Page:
Visit Dresden, the lesser-known cultural and architectural gem, located halfway between its more famous neighbors, Prague and Berlin. Our Jewish Dresden tours offer a unique perspective on the “Florence on the Elbe”. Enjoy some of the world’s most impressive feats of architecture, including such Dresden attractions as the Semper Opera, the magnificent Church of Our Lady (Frauenkirche) and the Baroque Zwinger, while also connecting with Dresden’s Jewish history and contemporary life.
Virtually destroyed in a massive bombing raid in February 1945, postwar Dresden lay dormant in former Eastern Germany. After the reunification it has risen like a phoenix out of its own ashes, and visitors can once again enjoy its Baroque beauty. Daniel Libeskind has also left his architectural mark on this city, cutting a wedge, both literally and figuratively through the Military History Museum.
Like the city itself, the Jewish community of Dresden has recently experienced a renaissance, and on our Dresden Jewish tours, we experience the welcoming atmosphere of a small but flourishing community at the Jewish Community Center. Witness the unique New Synagogue of Dresden, with its golden tent-like inner structure suggesting both flexibility and stability. The building won an architectural prize in 2002 and hosted the first ordination of rabbis in Germany since World War II. The old Semper Synagogue was destroyed by the Nazis during Kristallnacht in November 1938. One of the most impressive testimonies detailing the life and persecution of Dresden’s 5400 strong pre-Shoah Jewish community are the diaries of Victor Klemperer.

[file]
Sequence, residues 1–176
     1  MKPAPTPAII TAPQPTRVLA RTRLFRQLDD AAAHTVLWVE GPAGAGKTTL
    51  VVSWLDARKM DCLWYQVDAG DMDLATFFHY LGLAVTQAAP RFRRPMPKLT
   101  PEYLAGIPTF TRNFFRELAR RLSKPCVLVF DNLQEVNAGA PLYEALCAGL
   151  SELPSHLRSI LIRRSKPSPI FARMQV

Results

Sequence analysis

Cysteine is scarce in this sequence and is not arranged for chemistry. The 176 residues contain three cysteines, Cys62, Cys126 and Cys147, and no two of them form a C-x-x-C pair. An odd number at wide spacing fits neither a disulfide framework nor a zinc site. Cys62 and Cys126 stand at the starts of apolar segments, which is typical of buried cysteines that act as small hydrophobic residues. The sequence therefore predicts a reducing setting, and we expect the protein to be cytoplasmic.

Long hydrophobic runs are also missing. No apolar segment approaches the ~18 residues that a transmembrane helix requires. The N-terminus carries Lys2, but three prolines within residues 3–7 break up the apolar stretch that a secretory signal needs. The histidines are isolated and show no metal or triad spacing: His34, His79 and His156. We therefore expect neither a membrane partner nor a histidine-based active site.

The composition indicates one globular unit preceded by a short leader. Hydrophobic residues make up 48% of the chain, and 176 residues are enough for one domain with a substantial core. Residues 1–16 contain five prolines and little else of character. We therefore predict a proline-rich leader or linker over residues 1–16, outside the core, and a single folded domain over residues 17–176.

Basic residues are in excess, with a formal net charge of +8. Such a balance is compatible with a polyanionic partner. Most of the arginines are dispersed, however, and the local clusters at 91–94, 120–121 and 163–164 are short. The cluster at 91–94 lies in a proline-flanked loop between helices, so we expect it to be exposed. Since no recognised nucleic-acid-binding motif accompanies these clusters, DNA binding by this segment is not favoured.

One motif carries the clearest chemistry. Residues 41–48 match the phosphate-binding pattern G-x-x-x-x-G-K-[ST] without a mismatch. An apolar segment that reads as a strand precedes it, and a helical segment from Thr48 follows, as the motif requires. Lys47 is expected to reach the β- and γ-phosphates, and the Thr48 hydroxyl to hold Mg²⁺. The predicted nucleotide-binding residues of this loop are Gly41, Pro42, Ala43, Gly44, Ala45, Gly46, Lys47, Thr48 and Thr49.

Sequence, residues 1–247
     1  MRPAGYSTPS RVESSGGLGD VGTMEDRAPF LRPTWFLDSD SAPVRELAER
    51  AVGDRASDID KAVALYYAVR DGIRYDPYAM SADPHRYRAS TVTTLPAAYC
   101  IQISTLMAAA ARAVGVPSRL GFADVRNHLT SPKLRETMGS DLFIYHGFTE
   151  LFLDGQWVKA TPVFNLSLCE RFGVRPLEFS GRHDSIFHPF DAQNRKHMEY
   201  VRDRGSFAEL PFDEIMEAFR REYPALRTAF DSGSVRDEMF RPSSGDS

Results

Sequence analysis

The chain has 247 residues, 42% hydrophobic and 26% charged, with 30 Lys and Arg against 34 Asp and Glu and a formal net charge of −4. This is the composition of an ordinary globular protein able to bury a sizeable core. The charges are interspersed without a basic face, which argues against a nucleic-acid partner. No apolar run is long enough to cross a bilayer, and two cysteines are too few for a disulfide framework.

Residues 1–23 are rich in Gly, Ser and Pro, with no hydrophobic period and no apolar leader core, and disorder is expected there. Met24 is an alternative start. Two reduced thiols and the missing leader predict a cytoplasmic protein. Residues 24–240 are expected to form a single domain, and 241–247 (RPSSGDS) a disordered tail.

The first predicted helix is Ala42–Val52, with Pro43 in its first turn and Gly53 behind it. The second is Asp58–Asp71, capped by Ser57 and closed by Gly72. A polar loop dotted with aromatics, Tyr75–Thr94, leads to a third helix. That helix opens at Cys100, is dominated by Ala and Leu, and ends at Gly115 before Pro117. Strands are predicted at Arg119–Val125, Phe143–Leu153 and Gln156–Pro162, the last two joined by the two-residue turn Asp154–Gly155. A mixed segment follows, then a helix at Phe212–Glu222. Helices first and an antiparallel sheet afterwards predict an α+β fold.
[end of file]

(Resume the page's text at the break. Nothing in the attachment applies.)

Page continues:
August the Strong of the Wettin Dynasty brought unparalleled riches to the capital of Saxony during the 18th century. With the invention of European porcelain referred to as ‘white gold,’ he made his fortune and collected gold, jewels, ivory and art masterpieces. His financier, the Court Jew Berend Lehmann, is considered to be the patriarch of the modern Jewish community. An important historical marker for the community was the establishment of Saxony’s first Jewish cemetery in 1751. Located in Dresden Neustadt, it can still be visited today.
Dresden is one of our popular river cruise port destinations. If you will arrive by ship, let us plan your transfer for an ideal Dresden shore excursion!
We also wanted to let you know how much we enjoyed the tour with our guide from your company. Our experience was very moving and definitely the highlight of our trip ... I’m so glad we followed your advice – thank you for being persistent!
Shelly and Alan Dessen